Stairway to…

“However steep or ramshackle they may be, don’t ever despise the stairs which take you up to higher levels.” **Mehmet Murat Ildan

Stairs. Ever since I was a little kid I have been intrigued by stairs. Where do they lead? What’s up there (or down there?) It is the mystery of the unknown that piques my curiosity. On our recent trip to Fort Casey, we discovered a part of the fort separate from the state park. Overgrown and abandoned, it was as close I will ever come to finding a lost civilization.

Moss grows thick to carpet the gray concrete

I love to walk up the wide steps and think about the people who built this place. Fort Casey was constructed in the late 1800’s to defend the entrance to Puget Sound in case of enemy invasion. Now we know the fort was never called into action, and it ended up being used as a training facility for the armed forces. I close my eyes and picture fresh faced young men, enlisted and ready to fight for their country, running up and down these concrete steps. Did they practice their drills and wonder if they would have to man the giant guns aimed out to sea? I can only imagine.

Another thing I think of as I run my hand across the moss and weathered concrete is Mother Nature. The blackberry and wild rose vines reach across the expanse of man made materials making it clear that she will reclaim her own, given time. We humans aren’t always as mindful as we should be of her many gifts, and I find comfort in the brambles. Even as they tug on my coat sleeve as I pass, they remind me that our beautiful Earth will endure.

Peace. Love. Amen.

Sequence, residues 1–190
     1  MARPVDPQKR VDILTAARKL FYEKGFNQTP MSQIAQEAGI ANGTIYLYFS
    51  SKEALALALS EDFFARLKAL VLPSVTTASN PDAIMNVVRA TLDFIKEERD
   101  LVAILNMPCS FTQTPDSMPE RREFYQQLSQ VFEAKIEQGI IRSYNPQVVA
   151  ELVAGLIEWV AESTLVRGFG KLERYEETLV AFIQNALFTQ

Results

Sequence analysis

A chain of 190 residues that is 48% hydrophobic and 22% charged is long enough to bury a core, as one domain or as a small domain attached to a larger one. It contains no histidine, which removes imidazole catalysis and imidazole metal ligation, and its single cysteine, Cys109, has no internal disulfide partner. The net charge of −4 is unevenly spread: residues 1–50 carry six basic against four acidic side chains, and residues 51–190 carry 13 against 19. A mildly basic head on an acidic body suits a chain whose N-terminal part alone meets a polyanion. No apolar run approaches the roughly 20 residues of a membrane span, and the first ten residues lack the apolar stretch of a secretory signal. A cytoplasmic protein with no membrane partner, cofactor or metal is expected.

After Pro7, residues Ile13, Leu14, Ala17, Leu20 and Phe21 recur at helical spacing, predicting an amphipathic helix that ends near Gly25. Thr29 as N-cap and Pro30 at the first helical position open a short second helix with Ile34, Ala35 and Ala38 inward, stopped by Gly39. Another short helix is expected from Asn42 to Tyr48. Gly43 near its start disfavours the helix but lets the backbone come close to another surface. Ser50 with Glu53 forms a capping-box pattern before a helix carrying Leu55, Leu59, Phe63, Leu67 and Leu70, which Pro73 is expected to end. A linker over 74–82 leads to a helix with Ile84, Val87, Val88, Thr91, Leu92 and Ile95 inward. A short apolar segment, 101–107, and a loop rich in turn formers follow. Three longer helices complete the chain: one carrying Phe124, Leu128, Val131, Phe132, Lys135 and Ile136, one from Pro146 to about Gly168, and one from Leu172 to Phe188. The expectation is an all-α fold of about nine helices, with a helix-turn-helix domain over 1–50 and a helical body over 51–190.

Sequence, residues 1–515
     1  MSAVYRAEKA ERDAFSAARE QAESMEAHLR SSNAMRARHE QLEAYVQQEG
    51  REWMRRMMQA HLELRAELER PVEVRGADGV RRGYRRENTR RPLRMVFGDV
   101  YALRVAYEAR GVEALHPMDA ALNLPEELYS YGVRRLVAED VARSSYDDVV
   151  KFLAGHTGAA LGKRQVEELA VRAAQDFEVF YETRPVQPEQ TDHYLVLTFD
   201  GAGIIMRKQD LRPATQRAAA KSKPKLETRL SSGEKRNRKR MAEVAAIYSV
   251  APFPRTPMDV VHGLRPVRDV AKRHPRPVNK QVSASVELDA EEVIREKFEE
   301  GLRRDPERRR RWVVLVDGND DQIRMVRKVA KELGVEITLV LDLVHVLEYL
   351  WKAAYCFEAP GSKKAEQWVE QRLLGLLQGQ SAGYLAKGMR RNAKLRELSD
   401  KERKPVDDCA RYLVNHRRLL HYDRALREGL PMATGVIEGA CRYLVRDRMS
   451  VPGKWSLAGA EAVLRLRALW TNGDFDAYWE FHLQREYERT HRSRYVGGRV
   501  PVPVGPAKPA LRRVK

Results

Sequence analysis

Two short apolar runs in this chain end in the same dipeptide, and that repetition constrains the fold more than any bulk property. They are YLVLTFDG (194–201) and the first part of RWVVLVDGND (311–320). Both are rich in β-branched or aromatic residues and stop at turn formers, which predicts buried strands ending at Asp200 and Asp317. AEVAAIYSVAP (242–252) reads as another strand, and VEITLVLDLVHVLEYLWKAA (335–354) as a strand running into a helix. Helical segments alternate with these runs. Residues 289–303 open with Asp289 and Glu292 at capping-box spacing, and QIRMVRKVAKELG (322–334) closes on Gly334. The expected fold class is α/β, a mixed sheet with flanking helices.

Just Add Wonder ~

“If a child is to keep alive his inborn sense of wonder, he needs the companionship of at least one adult who can share it, rediscovering with him the joy, excitement and mystery of the world we live in.” **Rachel Carson

Walking in the woods with kids is not to be confused with taking a hike. The world that exists under the canopy of an old growth forest is akin to a magical fairy land when you take the time to meander. I took the youngest grand ones on a nature walk last week, on a trail that skimmed the edge of the Lake Roesiger, wove through the trees, and crossed a couple of rustic bridges. Watching them explore, and teaching them the names of native growth, reminded me of my own youth spent exploring the twenty acres I grew up on. It also reminded me that a person doesn’t automatically know a fern is a fern or a horsetail is a horsetail… somebody has to teach the names. It was such a pleasure to point out my favorites, such as salmon berries, (yummm), and to be on the look out for stinging nettles, (ouch!)

The Babies…

Even coming across some trash left behind was an adventure. “Oh no! Look what the litterbuggers left! Clean up, clean up!!” And we all gathered the litter and continued on our way, making a mental note to bring a bag with us next time. There is a sense of wonder as we check out different shapes of fungus clinging to the trunk of a cedar tree. Thick moss on a log becomes a velvet cushion and a black and yellow centipede becomes the pied piper as we follow him for a bit, amazed by his many legs.

Lime Kiln Walk in the Woods

Lime Kiln trail was a beautiful walk in nature. Being partly on the old Monte Cristo Railroad grade, there were remnants of industry long since discarded and the shreds of history left behind. No hurries, no worries, not only was there time to ponder the men who made a living here more than one hundred years ago, but also to see how Mother Nature reclaims her own if we leave her to it. If it wasn’t for faded pictures at the trailhead, you wouldn’t believe a railroad once chugged along the bank of Stillaguamish River.

Three of a Kind, plus a puppy… checking out the array of moss clothing the low branches.

Not having children of her own, Rachel Carson borrowed her nephew to share in the joys of discovery. “…to keep alive his inborn sense of wonder, he needs the companionship of at least one adult who can share it…” Reading and knowing these words are true, I borrow my grandchildren for companionship and to take a peek through their eyes. When I do, I rediscover the mysteries of the wildness and remember the days that I so enjoyed as a kid in the woods at the bottom of Bunk Foss Road. To spend time with them and pass on my love of nature to the next generation is a gift to all of us.

Peace. Love. Amen.